Page 6 - May June 2020
P. 6

 Evelyn Harbor Portable Layout
Graham Elliott
  A Jersey Central Fairbanks Morse pulling empty covered grain hoppers out of Hudson Grain - photos by Graham Elliott
S ince I prefer freight movements the width would be 12 inches (it
with a variety of rail cars in dif- ferent liveries, the USA attracts me, also for the predominance
of single track routes. So I have to rely on magazines, books and the internet
to inform me about some aspects of American railways. I have visited the USA but all these visits were before I thought about building the layout I’m going on to describe. I came across articles about the railroads serving the City of New York with the use of rail car floats across the Hudson River. Since I think my exper- tise is better in layout planning, building baseboards and structures (rather than scenery with rocks, rivers and vegeta- tion), a harbor layout beckoned.
I’ve applied the UK
model railway Rule One: ‘It’s my railway’!
So I decided I would build the layout with operation from the front just for myself in N scale. Also it would be portable so that if I ever moved house it could be a stand alone shelf layout, or part of a more extensive layout. Hence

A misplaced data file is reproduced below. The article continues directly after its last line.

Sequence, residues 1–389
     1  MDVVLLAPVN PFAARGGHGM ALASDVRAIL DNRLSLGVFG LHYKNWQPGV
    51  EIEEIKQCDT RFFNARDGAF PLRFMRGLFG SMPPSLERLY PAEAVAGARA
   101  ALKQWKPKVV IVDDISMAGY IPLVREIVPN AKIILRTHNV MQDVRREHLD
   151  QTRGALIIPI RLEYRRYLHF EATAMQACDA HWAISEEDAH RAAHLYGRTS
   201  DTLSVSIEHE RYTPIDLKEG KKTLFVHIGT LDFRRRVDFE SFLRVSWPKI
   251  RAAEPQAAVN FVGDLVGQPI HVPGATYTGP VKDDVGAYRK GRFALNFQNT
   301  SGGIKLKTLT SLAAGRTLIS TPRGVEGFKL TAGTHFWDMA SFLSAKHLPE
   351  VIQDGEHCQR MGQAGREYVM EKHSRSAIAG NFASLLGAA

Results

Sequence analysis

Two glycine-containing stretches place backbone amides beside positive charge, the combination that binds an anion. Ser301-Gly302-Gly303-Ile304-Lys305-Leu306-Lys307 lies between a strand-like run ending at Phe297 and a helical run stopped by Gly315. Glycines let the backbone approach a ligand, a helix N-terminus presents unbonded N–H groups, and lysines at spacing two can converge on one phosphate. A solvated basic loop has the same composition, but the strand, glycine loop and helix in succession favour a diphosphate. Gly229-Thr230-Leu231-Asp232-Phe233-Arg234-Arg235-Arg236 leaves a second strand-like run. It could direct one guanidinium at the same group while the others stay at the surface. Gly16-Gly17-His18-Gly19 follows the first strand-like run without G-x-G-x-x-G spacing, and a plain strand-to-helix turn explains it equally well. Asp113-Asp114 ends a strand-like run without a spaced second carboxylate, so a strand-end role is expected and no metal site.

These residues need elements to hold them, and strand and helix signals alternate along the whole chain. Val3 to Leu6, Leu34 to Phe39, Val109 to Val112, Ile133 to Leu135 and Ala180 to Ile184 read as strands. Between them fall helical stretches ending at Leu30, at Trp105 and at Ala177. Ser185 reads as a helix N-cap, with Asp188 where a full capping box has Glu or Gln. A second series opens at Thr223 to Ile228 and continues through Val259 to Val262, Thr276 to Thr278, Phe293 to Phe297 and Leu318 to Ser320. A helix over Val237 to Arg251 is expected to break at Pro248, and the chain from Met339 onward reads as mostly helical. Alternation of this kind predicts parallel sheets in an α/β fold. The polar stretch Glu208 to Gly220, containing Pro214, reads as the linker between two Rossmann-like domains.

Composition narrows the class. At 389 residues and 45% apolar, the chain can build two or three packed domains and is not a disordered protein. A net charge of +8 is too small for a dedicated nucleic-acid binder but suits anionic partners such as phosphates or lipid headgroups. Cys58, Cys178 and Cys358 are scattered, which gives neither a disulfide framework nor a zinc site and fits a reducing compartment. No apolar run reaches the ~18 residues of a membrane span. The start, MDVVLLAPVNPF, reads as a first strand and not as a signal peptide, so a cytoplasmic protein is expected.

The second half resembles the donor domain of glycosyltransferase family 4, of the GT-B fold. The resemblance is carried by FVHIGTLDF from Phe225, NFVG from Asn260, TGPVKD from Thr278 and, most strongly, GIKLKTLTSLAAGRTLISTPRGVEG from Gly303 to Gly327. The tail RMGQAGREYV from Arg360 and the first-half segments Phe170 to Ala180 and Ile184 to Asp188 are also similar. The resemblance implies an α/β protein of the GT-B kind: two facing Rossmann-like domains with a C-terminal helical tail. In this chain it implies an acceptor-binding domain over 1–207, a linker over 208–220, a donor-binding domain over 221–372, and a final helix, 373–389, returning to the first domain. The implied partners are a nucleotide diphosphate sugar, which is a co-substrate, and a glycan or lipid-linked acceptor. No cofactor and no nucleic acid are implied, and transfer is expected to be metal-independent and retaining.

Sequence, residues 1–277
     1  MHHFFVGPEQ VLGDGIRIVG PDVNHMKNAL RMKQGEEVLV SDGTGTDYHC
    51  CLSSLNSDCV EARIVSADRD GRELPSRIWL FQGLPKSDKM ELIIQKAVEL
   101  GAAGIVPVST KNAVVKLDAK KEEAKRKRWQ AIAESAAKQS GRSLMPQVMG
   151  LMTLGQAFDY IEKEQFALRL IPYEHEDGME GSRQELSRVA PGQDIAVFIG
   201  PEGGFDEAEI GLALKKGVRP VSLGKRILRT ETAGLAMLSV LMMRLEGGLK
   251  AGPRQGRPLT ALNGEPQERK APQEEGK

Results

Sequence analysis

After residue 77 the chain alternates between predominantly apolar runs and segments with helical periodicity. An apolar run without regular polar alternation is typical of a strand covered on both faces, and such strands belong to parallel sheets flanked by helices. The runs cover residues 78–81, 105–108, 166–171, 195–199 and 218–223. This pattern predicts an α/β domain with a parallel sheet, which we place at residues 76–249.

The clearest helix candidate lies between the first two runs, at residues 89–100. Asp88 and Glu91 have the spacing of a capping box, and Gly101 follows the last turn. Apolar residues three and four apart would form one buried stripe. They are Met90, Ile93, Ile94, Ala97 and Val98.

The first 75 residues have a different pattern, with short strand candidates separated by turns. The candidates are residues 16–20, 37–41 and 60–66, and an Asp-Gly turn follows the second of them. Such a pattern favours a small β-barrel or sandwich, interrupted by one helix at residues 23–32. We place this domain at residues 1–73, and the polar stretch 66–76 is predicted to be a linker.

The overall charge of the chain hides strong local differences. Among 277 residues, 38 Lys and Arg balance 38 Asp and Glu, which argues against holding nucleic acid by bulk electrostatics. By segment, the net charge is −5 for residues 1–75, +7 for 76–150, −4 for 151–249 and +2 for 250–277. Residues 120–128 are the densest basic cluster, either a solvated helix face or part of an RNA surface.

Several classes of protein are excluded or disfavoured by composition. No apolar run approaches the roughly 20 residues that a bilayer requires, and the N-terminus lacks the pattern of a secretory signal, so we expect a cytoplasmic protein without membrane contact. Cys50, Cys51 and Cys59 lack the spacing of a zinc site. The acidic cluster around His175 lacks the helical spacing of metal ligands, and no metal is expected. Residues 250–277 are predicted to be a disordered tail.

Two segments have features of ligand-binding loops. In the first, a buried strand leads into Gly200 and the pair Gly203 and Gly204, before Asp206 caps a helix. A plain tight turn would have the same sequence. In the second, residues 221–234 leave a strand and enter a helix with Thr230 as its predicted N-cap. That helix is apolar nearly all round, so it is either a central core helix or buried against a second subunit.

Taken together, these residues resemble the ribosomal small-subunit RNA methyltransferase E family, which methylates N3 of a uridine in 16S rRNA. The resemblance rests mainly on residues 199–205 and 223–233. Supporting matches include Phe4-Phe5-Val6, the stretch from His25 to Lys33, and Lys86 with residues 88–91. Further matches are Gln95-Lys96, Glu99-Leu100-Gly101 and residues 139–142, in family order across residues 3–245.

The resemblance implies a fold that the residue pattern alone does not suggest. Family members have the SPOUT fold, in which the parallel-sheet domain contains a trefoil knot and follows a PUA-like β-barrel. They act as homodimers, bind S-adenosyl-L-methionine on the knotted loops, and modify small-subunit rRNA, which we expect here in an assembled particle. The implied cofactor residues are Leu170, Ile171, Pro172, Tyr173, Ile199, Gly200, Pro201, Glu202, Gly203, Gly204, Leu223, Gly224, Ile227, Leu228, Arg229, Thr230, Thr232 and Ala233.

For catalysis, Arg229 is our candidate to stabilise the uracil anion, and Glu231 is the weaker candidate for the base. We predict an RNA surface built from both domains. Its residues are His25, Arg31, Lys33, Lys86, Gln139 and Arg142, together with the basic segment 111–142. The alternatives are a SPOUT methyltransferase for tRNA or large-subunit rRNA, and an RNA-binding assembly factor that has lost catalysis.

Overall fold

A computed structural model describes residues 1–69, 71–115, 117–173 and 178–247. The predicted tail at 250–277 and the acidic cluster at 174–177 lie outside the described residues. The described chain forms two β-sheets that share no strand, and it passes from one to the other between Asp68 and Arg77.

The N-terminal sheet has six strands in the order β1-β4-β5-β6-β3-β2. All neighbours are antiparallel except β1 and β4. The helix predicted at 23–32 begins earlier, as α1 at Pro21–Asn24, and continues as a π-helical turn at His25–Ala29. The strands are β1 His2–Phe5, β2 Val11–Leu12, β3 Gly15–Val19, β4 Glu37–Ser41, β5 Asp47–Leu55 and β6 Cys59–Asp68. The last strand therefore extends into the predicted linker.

actually increased to 13 inches), and in 3ft modules for lightness and ease of movement. In total there would be four modules of which one would be for staging thus a total of linear 12 feet.Two modules would be the harbor and industries around it, and one module the town backdrop with an engine shed and turntable in front. For portability two boards are joined together.
A number of railroads were built to
the waterfront of New Jersey for their car floats to transport rail cars to New York City. Atlas have produced a GP7
in the Central Railroad of New Jersey (CNJ) livery (dark green and yellow). So I decided my layout would be a fictional terminal of the CNJ but set in the 1970s when Conrail had just been created from a number of failed railroads, giving me the opportunity of having several railroad liveries on the layout.
The layout represents the New Jersey side depicting the area where the car floats coming from New York City dock into the lifting bridge. So in effect the car
A CNJ GP9 in blue livery (for proposed Conrail amalgamation) on the branch passenger train
float is a removable ‘staging yard’ bring- ing rail cars onto the layout.These cars are then taken off the barge, formed into a train and driven through the industry and town boards onto the end staging board which represents the rest of the USA.
Now it’s built and I’ve moved house with it, it’s located semi-permanently in the room above my double detached garage.
Evelyn Harbor now operates as a branch meeting a junction (fed by a fiddle yard behind Evelyn) which is next to a food factory and an LPG depot, before enter-
  ROUNDHOUSE - May/June 2020

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